But she delivers these lines, as she does all others, without the smallest particle of intensity or emotion. In fact, when she discusses her choice of livelihood she grows down-right skittish.
"When you find the right place for yourself, it just all makes sense. I get - well, I get inarticulate talking about it. I don't know why. I guess I'm shy of it."
Nothing at first was easy for her. There was no money, few jobs. "I posed as a model for art classes."
She giggles, "Oh, yeah. I was kind of thrilled about that." The mood turns serious. "And then I auditioned and I auditioned and I auditioned, and got a couple of jobs off-off Broadway.
"I did all the things people aren't willing to do. You know, people in acting classes sit around and say, 'There are no jobs.' But there are jobs . . ."
If you're willing to go places like Robinson, Ill., and Columbus, Ohio, to act in dinner theaters, there are jobs . .
"I hustled," she repeats, "I really hustled. I was good, and my work was honest." She addresses an invisible third party who seems to be floating off to her left: "can I say that, without sounding like I'm boasting? Yeah. I can say that.My work was honest, and I was good. It wasn't slick."
In December, she married David Mamet after a three-month courtship. Up until that point the gossip columns had paired her name with actor Robert Duvall's. Then she starred up in New Haven in "Reunion," which just happened to have been written by David Mamet.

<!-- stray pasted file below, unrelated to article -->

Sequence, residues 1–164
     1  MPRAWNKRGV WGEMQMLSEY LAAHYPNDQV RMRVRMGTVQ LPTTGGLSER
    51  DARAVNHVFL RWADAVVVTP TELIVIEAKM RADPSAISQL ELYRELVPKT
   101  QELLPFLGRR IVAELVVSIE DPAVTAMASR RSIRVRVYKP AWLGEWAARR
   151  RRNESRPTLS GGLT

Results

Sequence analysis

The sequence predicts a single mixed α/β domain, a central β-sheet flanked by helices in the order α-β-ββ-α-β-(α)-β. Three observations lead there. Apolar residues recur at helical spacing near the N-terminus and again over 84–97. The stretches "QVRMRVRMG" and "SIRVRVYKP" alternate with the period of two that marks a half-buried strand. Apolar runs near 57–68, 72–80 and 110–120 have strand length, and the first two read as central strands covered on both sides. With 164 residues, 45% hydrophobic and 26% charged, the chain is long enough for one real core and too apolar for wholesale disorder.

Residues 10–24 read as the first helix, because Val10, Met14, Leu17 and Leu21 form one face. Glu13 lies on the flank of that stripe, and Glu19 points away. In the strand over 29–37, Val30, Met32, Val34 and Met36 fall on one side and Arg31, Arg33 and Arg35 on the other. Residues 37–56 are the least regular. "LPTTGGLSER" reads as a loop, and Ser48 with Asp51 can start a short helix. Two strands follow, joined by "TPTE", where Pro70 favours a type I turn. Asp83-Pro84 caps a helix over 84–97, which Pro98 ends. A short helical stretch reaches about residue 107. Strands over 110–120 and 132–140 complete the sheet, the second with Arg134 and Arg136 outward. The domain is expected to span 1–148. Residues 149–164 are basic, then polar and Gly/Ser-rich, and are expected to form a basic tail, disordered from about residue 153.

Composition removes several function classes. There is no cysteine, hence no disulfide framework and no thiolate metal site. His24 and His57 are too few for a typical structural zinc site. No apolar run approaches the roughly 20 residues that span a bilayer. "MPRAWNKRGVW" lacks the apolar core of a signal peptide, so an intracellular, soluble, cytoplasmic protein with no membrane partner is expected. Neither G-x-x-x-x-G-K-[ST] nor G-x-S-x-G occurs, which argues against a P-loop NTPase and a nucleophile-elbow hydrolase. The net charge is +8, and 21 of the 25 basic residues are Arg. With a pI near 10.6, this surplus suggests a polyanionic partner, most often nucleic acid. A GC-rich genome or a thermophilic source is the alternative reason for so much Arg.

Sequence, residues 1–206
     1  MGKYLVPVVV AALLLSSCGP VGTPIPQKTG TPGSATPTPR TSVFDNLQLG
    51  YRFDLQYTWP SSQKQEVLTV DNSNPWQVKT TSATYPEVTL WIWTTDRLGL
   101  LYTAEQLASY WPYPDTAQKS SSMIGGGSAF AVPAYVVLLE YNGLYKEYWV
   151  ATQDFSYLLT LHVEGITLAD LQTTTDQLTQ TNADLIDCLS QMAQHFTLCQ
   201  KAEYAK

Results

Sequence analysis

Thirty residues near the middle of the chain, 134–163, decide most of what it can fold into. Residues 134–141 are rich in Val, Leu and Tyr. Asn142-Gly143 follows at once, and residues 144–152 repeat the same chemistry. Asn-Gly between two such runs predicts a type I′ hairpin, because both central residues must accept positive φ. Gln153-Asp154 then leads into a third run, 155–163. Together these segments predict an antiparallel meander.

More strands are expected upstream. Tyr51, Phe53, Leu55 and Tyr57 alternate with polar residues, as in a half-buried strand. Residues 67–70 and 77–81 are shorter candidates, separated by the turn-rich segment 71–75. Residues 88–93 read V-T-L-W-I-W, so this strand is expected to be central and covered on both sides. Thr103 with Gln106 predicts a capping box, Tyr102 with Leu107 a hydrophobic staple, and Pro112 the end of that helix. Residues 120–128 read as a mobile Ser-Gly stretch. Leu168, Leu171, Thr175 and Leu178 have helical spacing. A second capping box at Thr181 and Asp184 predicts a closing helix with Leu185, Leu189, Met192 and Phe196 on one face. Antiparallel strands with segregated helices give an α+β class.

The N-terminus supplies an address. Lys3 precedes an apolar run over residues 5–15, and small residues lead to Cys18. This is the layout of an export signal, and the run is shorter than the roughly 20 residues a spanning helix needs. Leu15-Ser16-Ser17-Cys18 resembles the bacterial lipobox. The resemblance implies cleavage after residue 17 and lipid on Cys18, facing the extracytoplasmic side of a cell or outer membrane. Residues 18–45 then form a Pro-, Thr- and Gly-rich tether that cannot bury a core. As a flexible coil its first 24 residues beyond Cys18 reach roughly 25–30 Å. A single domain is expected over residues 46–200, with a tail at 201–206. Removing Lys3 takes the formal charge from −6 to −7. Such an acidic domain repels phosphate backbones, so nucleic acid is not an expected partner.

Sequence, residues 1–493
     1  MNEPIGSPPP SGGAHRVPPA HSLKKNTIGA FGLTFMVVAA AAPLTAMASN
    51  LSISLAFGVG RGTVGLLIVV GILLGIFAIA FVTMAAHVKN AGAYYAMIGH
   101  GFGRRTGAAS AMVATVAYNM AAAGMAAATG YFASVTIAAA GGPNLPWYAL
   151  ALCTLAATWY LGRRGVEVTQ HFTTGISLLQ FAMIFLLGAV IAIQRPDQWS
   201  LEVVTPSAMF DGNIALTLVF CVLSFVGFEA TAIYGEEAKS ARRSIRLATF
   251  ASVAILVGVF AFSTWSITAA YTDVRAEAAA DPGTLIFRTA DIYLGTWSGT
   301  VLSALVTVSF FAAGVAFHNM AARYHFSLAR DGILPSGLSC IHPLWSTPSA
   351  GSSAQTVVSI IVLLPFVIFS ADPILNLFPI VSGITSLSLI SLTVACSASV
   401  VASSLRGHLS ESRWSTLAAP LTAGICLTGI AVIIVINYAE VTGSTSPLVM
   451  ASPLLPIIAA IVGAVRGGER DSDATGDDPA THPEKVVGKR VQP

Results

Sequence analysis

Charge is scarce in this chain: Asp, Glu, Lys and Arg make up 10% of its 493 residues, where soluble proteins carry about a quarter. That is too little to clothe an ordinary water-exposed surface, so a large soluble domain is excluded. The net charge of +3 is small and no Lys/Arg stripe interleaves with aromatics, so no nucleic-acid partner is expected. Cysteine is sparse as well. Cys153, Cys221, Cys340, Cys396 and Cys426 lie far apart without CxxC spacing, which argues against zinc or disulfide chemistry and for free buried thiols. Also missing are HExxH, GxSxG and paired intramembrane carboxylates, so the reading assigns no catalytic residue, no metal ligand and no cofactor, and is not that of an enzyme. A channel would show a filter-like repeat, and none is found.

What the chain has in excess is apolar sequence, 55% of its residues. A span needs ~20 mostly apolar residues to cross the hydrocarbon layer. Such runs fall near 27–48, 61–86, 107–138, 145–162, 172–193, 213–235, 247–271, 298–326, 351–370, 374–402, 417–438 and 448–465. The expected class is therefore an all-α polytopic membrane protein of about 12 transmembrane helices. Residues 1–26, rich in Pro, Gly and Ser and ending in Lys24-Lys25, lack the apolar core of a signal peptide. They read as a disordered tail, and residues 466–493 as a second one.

"When you find someone who seems related, whose values are yours - well, that's really all you get in the long run anyway."
She leans forward, eyes shining. "Once you're sure of that you don't need time to seigh or judge. You just . . ." - an airy wave of the hand - "you just know-know.
"And when you're married, it better be refreshing. It better be a place of replenishment. Because the world outside . . ."
She allows her voice to trail off. She knows quite a bit about the world outside. She has to.
"Sometimes," Lindsay Crouse will say a bit later, "sometimes I just despair. I was up late one night with David, because we were watching TV. We saw this wonderful Hitchcock film ("Notorious") with Cary Grant and Ingrid Bergman - what's it called?
"Well, it was just so wonderfully directed, I burst into tears. I can remember saying to David, 'Those days are over. They're never going to make a good picture like that any more.'"
She reflects on that awhile. Then: "You know, sometimes when you do an interview, your words come out sounding all clunky and everything in print. So could you sort of point out the humor, too. Could you say that I smile?"
As in, " . . . she said, smiling,"?
"Yes. Like that," she says, smiling.